Five macOS Mojave Utilities You Should Get to Know

If you’ve just purchased a new Mac, or upgraded your current model to run macOS Mojave, you may be wondering what apps and utilities come with the new OS.

You’re likely already familiar with many of the more common apps included, such as Mail, Safari, FaceTime, Calendar, Contacts, and many more. Less well known, but deserving of a look, are the included utilities that can be used to assist in troubleshooting problems, expand the capabilities of existing services, or help in managing or executing routine tasks.

Five Utilities Included with macOS Mojave
We’re going to concentrate on just five of the many utilities included with macOS Mojave. Some of the utilities predate Mojave, and have been around for quite some time, while others are new to Mojave. The five utilities were chosen as representative of the type of tasks you may need to undertake, but didn’t know that macOS could give you a hand with them.

You may want to take a look at: New to Mac? Here are 5 High Sierra Utilities You Should Know About to see some of the utilities we have highlighted in the past. But for now, let’s move on with our utility roundup for macOS Mojave.

Text Expansion
Unbeknownst to many is a simple text expansion capability built into the Mac. Text expansion allows you to define a phrase, abbreviation, or any other collection of easy-to-remember text, and have your Mac expand the text shortcut into a longer phrase. This can be as simple as using the text shortcut “Myem” to automatically expand to become your full email address. You can also use text expansion to add special characters, such as the copyright symbol, by typing a simple shortcut instead of searching through the Character Viewer (another useful utility) to copy/paste the copyright symbol (©) into a document you’re working on.

(Use the Text option in the Keyboard preference pane to create your own custom text expansion items.)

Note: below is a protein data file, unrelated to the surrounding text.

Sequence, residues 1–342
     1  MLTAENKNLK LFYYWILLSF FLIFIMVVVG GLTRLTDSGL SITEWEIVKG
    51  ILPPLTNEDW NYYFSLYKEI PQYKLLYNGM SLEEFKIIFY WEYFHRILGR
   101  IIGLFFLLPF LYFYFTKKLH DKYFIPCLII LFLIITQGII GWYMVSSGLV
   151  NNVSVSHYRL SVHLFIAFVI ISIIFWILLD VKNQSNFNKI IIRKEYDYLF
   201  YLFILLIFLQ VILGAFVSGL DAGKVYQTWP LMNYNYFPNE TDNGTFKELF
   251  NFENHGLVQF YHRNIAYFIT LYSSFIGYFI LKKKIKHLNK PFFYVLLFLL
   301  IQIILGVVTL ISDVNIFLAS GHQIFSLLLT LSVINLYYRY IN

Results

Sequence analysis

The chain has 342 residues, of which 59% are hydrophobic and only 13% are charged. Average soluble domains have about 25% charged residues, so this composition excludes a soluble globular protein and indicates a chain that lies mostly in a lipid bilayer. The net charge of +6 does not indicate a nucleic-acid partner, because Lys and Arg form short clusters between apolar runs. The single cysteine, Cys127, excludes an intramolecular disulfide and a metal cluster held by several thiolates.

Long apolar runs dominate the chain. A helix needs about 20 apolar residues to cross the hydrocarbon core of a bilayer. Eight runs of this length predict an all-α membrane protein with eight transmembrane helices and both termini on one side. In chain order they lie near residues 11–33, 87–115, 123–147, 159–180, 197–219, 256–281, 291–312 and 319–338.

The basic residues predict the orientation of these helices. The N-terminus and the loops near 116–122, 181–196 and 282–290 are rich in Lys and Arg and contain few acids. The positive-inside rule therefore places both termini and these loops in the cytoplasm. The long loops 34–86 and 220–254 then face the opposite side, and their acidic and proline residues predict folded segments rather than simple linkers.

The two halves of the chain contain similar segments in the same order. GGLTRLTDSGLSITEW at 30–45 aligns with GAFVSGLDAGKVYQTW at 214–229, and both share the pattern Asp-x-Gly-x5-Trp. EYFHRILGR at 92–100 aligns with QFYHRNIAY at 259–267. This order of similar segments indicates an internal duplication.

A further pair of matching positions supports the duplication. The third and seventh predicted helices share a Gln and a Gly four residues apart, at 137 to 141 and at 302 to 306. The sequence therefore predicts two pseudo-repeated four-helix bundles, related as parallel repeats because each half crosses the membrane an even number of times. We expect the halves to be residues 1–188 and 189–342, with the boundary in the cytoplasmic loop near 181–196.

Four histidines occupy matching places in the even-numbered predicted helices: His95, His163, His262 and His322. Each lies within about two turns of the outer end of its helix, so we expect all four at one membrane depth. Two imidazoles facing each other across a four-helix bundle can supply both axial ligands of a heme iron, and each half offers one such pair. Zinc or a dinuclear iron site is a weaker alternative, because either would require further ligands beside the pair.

You can find the text expansion utility by launching System Preferences, which can be found as an icon in the Dock, or by accessing the Apple menu and selecting System Preferences.

Once the System Preferences window is open, select the Keyboard preference pane.

Select the Text button along the top of the Keyboard preference pane window to open the text expansion and spell checking services built into your Mac.

You should see a number of example text expansions already included, such as the copyright symbol expansion and email address expansion mentioned earlier.

To edit an existing item, double-click or tap the text you wish to change, such as the example email address in the email expansion item. Once selected, you can replace the default My@EmailAddress.comtext with your actual email address.

To add a new text expansion item, click or tap the plus (+) sign, then enter the shortcut text you wish to use for the expansion. It’s a good idea to use a shortcut that you’re not likely to type in normal everyday use. One trick is to precede the shortcut with a character you rarely use, such as the left or right bracket. As an example, if you wished to have a shortcut to enter your home address, you could use ]home instead of the very common word home.

To complete adding a new text expansion, double-click or tap the “With” column for the text expansion you’re adding, and enter the full text you wish to have replace the shortcut text.

To delete an existing text expansion, select the expansion and click the minus (-) button.

Automator/Quick Actions
Our next utility is also an older one: Automator, the handy app for creating custom workflows and automation of repetitive tasks. We covered using Automator in a previous Rocket Yard article: macOS 101: How to Automate Tasks on Your Mac.

We’re revisiting the Automator utility because of two new capabilities introduced with macOS Mojave. First, Automator is now able to create Quick Action items, and second, the new Finder Quick Action feature of Mojave allows you to access an Automator action.

(Combining Automator and Quick Actions lets you create custom actions you can perform directly in the Finder, without opening an application.)

Let’s consider an example: